Dr. Pam Thompson

Dr. Pam Thompson

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Tips for Overcoming Panic

Deep breathing does wonders to calm anxiety. When inhaling, place one hand on the abdomen and one on the chest. To achieve deep breathing, make sure the hand on the abdomen is rising more than the hand on the chest. If shoulders and chest are rising, and the diaphragm is not, this is NOT deep breathing. Picture someone hyperventilating, and you’ll get the picture of how short breaths contribute to increased anxiety. Once you've taught yourself the difference between deep and shallow breathing, sit calmly, close eyes and place hands by your side. It also helps to start with a deep exhalation first, consciously working to exhale all the stale air trapped in the diaphragm. This makes room for a deep inhalation. To establish the desired rhythm, count to 8 on the exhalation, 7 on the inhalation, and hold the breath for 4 counts before exhaling and starting the cycle again.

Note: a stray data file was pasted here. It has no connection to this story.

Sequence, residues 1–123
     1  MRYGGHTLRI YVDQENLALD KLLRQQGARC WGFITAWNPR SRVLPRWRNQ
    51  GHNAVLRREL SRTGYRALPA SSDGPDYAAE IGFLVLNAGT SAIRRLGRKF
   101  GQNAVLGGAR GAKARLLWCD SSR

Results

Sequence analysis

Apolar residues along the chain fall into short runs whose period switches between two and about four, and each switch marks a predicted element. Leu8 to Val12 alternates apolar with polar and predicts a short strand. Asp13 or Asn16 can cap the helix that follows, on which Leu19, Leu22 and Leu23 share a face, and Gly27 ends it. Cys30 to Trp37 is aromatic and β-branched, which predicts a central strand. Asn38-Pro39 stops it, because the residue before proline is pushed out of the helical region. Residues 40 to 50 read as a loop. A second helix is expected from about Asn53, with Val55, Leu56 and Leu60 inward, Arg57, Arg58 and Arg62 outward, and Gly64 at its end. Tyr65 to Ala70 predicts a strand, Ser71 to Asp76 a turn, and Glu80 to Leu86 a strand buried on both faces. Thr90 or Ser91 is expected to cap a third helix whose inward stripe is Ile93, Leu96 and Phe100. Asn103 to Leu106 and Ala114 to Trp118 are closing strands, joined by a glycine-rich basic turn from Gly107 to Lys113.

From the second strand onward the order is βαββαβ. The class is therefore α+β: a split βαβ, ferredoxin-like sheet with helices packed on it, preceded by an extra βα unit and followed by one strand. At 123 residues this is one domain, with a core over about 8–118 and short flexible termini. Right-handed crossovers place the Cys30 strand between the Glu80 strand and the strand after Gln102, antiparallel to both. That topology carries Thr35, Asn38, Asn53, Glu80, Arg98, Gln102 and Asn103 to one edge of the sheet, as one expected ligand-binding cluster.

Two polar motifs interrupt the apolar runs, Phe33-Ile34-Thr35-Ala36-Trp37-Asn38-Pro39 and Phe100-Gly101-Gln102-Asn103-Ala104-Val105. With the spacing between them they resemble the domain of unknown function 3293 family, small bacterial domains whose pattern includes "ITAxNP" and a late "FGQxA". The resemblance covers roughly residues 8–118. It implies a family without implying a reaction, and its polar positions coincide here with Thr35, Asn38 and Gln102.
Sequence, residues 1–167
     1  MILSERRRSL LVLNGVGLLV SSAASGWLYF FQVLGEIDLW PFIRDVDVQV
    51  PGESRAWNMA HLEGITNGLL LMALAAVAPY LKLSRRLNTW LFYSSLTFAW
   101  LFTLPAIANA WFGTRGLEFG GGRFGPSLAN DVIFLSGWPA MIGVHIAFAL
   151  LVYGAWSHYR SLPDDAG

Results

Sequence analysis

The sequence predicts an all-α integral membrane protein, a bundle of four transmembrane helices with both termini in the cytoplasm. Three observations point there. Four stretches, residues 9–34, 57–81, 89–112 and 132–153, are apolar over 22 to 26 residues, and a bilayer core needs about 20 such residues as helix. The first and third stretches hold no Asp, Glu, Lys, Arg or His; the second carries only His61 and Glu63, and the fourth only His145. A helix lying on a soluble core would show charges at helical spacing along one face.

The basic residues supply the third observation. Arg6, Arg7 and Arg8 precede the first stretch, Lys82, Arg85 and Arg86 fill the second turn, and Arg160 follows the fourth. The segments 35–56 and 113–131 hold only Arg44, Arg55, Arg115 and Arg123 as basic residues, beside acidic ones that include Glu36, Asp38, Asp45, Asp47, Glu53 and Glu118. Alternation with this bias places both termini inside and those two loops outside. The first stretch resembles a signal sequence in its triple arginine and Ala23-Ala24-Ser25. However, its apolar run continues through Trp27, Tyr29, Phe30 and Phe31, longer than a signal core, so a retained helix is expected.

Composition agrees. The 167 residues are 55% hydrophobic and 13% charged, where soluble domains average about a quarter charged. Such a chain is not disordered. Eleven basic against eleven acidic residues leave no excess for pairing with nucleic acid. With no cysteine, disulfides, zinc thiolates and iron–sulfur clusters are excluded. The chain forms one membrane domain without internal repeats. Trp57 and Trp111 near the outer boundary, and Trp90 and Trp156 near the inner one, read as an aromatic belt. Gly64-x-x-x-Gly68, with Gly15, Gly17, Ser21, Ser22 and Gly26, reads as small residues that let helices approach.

Ask yourself what's the very worst thing that could happen and then what and then what? Keep going with this game of "and then what" until the core concern or fear is staring you in the face. Chances are pretty good that the worst thing that can happen is not as bad as your imagination would have you to believe. This helps to minimize the power of the imagination and emphasize the reality of the moment. 

Enlist the support of a friend or family member as soon as possible. Talking through concerns with someone you trust distracts from the paralyzing fear and begins to reinstate a feeling of security as someone helps you carry the anxiety. 

For chronic sufferers of panic or anxiety, seek therapy and/or medication. In the meantime, develop a self-talk strategy that may include a favorite quote, prayer, lyric, or scripture that creates a shift from helplessness to empowerment.

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